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IT and Outsourcing

Last response: in Business Computing
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February 11, 2012 4:23:48 AM

Just glancing through and saw a post last year with advice on how to get into IT. I see youngsters all the time asking me the same question. I tell every single one of them, "Run Screaming".

Most branch offices fire the IT nerd first and then the Receptionist 2nd when cutting back on money. The many VPs ringed around the window offices get ticked off when windows pops up a single error window. Oh my gosh! People sit in offices in Houston and remote in and fix the server. Someone said a bachelor's is worth 3 years experience buzzzzz wrong. Recruiters or head hunters look for a degree plus experience and certs. I have MCST, A+, net+, security+, and an air head staffing recruiter wouldn't hire me cause I haven't worked 5 days a week for 6 months using Active Directory! Pretty simple GUI to use, my 6 year old could do it. Oh wait, child labor laws! Well I can't afford any more training or cost of books + test fees for more certs. I earned a grant through Work Force Investment Act and was going to take a Cisco CCNA class or Oracle OCP DBA. Tired of working contracts without a contract. Promise me 5 days or 6 weeks you pay me for Six weeks.

Sadly I love my work, but tired of dealing with it. Career change ahead for me until the economy improves.

I usually know more than the guys I work with, or the help desk idiot on the phone, but I can't find anything more than part time work. I really suggest the IT community needs to sick out for a month. Lol companies really would go under then in this market. Adios IT. I sat on a conference with 4 guys on the phone trying to figure out why all the IPhone touches and mini Mac I installed wouldn't get an IP address. Um Cause you didn't change to a different subnetting to allow more devices at that location? Hahaha but they have the cushy office job.

Every computer store I go into has an ex-IT pro working as a salesman. That should tell you something.

Sorry for the rant, I hope all they people I've worked with present and past finally get some thanks for the work they do.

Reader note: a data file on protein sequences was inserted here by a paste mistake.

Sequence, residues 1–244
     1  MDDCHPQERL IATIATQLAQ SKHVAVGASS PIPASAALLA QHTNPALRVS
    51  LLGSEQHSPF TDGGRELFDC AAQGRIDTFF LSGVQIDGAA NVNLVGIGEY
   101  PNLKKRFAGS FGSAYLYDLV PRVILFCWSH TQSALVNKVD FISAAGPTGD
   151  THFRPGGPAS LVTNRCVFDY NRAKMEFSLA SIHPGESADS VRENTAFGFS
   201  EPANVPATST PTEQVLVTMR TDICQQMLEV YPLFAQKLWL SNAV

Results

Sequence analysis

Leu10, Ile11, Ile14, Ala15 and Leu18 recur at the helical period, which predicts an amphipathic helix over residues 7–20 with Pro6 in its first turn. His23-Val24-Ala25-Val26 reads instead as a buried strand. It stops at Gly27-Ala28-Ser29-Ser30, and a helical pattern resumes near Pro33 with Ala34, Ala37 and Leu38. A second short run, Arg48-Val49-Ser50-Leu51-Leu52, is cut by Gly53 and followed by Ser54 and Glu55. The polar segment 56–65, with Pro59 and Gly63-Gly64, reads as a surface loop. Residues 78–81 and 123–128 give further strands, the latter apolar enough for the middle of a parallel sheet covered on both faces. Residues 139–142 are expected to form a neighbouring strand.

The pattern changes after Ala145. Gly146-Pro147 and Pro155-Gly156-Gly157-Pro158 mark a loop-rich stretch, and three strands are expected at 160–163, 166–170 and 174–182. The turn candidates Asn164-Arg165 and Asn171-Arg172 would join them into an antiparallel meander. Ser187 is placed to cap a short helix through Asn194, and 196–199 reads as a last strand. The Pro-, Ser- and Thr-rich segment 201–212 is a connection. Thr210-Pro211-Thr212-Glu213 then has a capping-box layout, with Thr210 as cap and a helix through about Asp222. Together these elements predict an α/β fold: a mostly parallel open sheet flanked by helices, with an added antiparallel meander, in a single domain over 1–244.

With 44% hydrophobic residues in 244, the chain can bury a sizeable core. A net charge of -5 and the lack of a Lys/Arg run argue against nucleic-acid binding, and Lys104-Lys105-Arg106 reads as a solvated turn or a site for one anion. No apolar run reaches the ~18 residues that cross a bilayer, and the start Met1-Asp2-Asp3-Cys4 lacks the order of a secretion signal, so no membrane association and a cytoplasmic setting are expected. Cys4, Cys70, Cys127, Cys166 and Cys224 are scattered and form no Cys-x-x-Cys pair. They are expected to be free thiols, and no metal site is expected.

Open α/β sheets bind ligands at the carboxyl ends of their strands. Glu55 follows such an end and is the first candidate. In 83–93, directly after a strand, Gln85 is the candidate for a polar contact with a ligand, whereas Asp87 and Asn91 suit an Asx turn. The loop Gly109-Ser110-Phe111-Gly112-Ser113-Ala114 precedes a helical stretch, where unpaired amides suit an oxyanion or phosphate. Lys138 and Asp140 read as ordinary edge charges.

More about : outsourcing

February 13, 2012 11:30:02 AM

IT unemployment across the US is sitting around 3%. Those who aren't able to find work generally do not have the skillset required or live in an area that is not heavy in tech. Anywhere I've worked the receptionist has been let go first. Back in the late 90s and early 2000s, yeah IT was hit quick. Now people realize how important they are and IT is generally one of the last ones hit unless the department has been poised for growth in a shrinking market.

You mentioned Active Directory. It is clear you haven't used it much based on the information you mentioned about it. I live in it every single day. Creating users and groups is the basics. Dealing with DCs, Sites, replication, group policies, AD Attributes, delegation, APIs, and so much more depending on your environment.. That's one of the absolute core requirements for any person in IT who wants to do server support.

You have certs. They don't mean much unless you want to go work for a consulting company. The degree doesn't mean much because things change so quickly in IT. Experience at a job is what matters the most, then certs, and last will be a degree for those who really want to do IT. The degree will help if you want to move up into management quicker though. It depends on what you want.

Great, you have certs. But what's your experience? Years ago I knew an 18 year old kid who has his Win2k3 MCSE within a year. Never held a job in it. He somehow passed the cert but when it came to actually doing any work or troubleshooting anything, he didn't have the experience or know-how in order to do it.

What's your current skillset and maybe we can help you find a career path that will work for you or help you temper your trade.
February 13, 2012 8:27:51 PM

Well I was waiting to get training to take the Ccna or Oracle Ocp, but leaning toward getting a CDL and do that until IT market improves. I know the Atlanta Job market is terrible, can't relocate nor have the funds to do it. My fiancé just started a new job. I'm not going to make her quit.

I have an associates in networking and computer hardware, and a bachelor's in information security. 3 years of experience doing field work installing computers, network switches and cabling, migrations and laptop/desktop setup. I did help desk for nearly 2 months. Been stuck doing contract work which doesn't keep me busy, and head hunters don't like it not being 5 days a week fulltime so it's not experience to them.

I wanted to do system support, help desk, or security. I know more than most I've worked with, and less than veterans of 20 years. I should have stuck with software development/programming.

Isn't much entry level here without a thousand resumes sent in.